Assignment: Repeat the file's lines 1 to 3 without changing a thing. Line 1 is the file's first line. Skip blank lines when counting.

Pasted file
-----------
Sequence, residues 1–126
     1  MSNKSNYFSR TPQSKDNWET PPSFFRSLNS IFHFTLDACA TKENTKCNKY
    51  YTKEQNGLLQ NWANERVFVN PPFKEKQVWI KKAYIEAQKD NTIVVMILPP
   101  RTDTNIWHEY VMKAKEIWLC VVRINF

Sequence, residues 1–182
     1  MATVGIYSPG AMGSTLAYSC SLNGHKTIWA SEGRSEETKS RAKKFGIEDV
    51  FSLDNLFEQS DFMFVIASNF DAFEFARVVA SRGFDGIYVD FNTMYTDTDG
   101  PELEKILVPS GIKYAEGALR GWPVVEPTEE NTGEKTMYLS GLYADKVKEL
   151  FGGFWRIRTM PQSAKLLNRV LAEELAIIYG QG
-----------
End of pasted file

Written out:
Sequence, residues 1–126
     1  MSNKSNYFSR TPQSKDNWET PPSFFRSLNS IFHFTLDACA TKENTKCNKY
    51  YTKEQNGLLQ NWANERVFVN PPFKEKQVWI KKAYIEAQKD NTIVVMILPP